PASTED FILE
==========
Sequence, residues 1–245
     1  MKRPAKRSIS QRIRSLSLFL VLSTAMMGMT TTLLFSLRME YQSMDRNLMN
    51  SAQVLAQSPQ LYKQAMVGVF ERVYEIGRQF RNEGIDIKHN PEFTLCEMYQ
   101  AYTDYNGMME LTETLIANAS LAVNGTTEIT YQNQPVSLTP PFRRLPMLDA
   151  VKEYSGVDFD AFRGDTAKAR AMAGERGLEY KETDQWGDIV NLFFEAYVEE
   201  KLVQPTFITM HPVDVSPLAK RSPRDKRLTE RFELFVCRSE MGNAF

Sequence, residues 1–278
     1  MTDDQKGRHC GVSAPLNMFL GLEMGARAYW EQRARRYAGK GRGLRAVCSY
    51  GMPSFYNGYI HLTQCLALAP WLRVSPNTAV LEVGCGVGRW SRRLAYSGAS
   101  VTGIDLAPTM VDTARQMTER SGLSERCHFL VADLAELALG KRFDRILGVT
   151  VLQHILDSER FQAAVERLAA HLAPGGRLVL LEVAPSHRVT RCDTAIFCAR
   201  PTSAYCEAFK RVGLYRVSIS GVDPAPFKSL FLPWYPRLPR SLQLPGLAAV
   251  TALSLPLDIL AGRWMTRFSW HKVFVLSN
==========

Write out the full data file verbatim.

Sequence, residues 1–245
     1  MKRPAKRSIS QRIRSLSLFL VLSTAMMGMT TTLLFSLRME YQSMDRNLMN
    51  SAQVLAQSPQ LYKQAMVGVF ERVYEIGRQF RNEGIDIKHN PEFTLCEMYQ
   101  AYTDYNGMME LTETLIANAS LAVNGTTEIT YQNQPVSLTP PFRRLPMLDA
   151  VKEYSGVDFD AFRGDTAKAR AMAGERGLEY KETDQWGDIV NLFFEAYVEE
   201  KLVQPTFITM HPVDVSPLAK RSPRDKRLTE RFELFVCRSE MGNAF

Sequence, residues 1–278
     1  MTDDQKGRHC GVSAPLNMFL GLEMGARAYW EQRARRYAGK GRGLRAVCSY
    51  GMPSFYNGYI HLTQCLALAP WLRVSPNTAV LEVGCGVGRW SRRLAYSGAS
   101  VTGIDLAPTM VDTARQMTER SGLSERCHFL VADLAELALG KRFDRILGVT
   151  VLQHILDSER FQAAVERLAA HLAPGGRLVL LEVAPSHRVT RCDTAIFCAR
   201  PTSAYCEAFK RVGLYRVSIS GVDPAPFKSL FLPWYPRLPR SLQLPGLAAV
   251  TALSLPLDIL AGRWMTRFSW HKVFVLSN